Sometimes too much nitrogen and water messes with hot peppers.
I've also had people say cool temps and the above can make some peppers bitter.
I've always been told that to get a pepper plant to produce hotter peppers let it go dry to the point of almost wilting before watering it.
I go by my water meter,I keep mine on the dry side if I can.But I grow mine in 15 gal. containers.
I've also found that a lot of different kinds of peppers are sold as pepperoncini.
Some can be quite hot while others are sweet.
I've seen what I think were really a banana pepper or wax pepper sold as some kind of pepperoncini too.
Maybe the Mariachis had stage fright.
Mariachis are supposed to be mild-not sweet though.
Could be you treated your peppers too good-too much water and fertilizer.
Mariachis I think are a hybrid so you can't use it's seeds next year to try growing them differently because the seeds you get from the peppers won't be true to the original plant,they could be sterile too.
but you might get a different pepper thats more like what you are looking for.
I haven't quite figured out the timing of it, but I think getting a lot of rain at some point in the development of the pepper can make it turn out very mild. I think there must be a timing issue, because I've had hot peppers even in "wet" summers. Last year, we got a lot of rain toward the end of summer... and it seemed to just wash the heat right out of my hot peppers. I know it wasn't the plant or the fertilizer (I use a time release fertilizer and compost when I plant, and that's about it), because I got a few early peppers from the same plants that were nice and hot.
This year, we grew a lot of habs... and nothing was going to make them turn out mild, LOL!
Small_Stock, none of the peppers you grew are truly "hot". The hottest of the lot, the Mariachi pepper is mild to moderately hot. The other two are sweet or mild peppers. One of these links says that stress makes the peppers hotter. As critterologist states, there are some peppers that will never be mild. There are some that will never be hot, too.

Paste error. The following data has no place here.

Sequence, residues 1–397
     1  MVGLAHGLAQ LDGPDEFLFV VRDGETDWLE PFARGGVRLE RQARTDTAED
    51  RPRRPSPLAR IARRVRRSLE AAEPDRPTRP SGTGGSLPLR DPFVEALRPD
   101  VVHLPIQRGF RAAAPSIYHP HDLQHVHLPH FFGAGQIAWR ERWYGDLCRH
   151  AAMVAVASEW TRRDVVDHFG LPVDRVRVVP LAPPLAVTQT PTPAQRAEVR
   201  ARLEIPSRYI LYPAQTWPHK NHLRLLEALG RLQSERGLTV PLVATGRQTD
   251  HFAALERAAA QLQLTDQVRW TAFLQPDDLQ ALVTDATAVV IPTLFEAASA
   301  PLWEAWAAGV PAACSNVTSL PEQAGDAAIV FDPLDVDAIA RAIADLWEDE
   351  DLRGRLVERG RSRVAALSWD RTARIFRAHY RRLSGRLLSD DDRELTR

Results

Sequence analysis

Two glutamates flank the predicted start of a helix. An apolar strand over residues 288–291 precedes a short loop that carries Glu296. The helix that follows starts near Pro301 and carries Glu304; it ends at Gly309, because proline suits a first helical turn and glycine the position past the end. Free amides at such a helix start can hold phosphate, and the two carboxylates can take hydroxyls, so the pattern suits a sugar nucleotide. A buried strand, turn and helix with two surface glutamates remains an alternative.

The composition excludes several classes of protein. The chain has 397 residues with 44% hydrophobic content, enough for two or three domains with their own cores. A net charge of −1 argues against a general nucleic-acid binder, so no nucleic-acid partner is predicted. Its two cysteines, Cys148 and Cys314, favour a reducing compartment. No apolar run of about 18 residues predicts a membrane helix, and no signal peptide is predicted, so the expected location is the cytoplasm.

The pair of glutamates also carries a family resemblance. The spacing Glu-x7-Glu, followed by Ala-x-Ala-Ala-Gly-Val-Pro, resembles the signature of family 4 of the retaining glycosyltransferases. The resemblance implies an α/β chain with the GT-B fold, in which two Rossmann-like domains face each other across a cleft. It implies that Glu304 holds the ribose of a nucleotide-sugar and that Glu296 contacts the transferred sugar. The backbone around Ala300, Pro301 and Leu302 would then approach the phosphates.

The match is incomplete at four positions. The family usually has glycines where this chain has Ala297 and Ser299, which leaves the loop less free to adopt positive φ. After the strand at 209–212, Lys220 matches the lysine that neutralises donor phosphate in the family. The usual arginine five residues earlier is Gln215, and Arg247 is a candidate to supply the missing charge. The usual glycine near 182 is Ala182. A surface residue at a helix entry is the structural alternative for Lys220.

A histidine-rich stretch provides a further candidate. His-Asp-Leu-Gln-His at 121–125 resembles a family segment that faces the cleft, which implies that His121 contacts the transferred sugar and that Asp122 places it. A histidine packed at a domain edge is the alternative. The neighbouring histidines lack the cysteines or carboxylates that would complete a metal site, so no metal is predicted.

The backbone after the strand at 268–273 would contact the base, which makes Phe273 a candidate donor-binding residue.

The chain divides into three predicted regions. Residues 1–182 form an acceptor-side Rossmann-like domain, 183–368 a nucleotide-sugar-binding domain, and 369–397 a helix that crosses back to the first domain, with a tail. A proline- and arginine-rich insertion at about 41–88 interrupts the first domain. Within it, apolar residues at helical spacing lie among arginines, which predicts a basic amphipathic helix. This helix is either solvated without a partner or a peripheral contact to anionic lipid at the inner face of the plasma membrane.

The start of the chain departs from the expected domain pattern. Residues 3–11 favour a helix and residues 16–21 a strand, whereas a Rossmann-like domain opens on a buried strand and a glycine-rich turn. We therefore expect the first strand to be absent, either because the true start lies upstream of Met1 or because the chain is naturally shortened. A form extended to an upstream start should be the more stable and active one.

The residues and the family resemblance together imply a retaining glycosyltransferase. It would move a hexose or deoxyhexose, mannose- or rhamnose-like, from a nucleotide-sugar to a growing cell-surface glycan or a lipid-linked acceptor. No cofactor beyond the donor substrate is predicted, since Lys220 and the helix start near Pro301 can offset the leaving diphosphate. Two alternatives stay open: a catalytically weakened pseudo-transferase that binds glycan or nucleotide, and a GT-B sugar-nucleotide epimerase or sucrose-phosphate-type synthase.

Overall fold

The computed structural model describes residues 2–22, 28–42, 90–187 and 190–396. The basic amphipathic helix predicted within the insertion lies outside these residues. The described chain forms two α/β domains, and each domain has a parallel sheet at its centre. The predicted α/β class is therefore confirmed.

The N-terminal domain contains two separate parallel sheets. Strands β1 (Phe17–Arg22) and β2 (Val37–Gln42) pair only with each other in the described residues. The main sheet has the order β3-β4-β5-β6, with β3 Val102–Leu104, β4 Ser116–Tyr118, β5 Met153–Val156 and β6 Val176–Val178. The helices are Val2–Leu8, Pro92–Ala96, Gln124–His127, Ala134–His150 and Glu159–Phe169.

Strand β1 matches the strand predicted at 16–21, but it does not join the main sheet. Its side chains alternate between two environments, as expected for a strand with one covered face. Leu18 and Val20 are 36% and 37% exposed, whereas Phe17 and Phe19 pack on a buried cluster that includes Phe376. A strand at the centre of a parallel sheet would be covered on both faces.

I have had the same problem since moving to Palmerston North 3 years ago: My peppers wont get hot enough, only the Habaneros do! I came from the warm dry far north of NZ, while Palmy has a much colder, wetter, windier climate.
I have been growing Cayenne, Hungarian Wax, Mulato, Wildfire, Red Habanero and Bell. Lots of fruit on big bushy plants, just no heat. Some of the seeds I brought with me from the north, so I know how hot they can be!
Hmmm... So it might be the cold...
This year Im growing more of the very hot varieties, like habaneros, tabasco, thai super, as well as some old favourites like cayenne and wax. Spring has been lovely, and sumer looks to be a hot one! Heres hoping..
None of the peppers I've grown here in W. WA have *ever* been very hot. I can eat a jalapeno right off the plant, seeds and all without blinking. They're as mild as the mild ones-and I don't grow the mild ones. Thai hot?-nope, not so much. (I've never tried growing habanero, though-DH says their flavor reminds him of carrots (except for the heat) and he doesn't like carrots...) I always attributed it to the fact that we just don't get sustained high heat and sunshine. This summer was pretty dry but cool, and they were even milder than last year when we did have a lot (for PNW) of hot days. Same plants, in fact.
So, anyone have any ideas how to make them hotter?
Small_Stock...it takes [heat] to make a pepper [hot]. You may have too short of a hot growing season (about 90 days) in the mid 80s to low 90s F. You may also want to use a habanero type pepper if you want HOT or shop for a jalapenro which may suit your taste needs.
Me? I prefer VERY HOT peppers in the above 10,000 SHU range. This coming season (May-Aug) here in Michigan where it is too cold until late May to transplant seedlings outdoors, I will try Bhut Jolokia from India which is the world record hot pepper (1,300,000+ SKU range). I may have to use an additional heat source later in the season to have product of any size or quality even though the peppers aren't really large to begin with.I will be happy to keep you informed.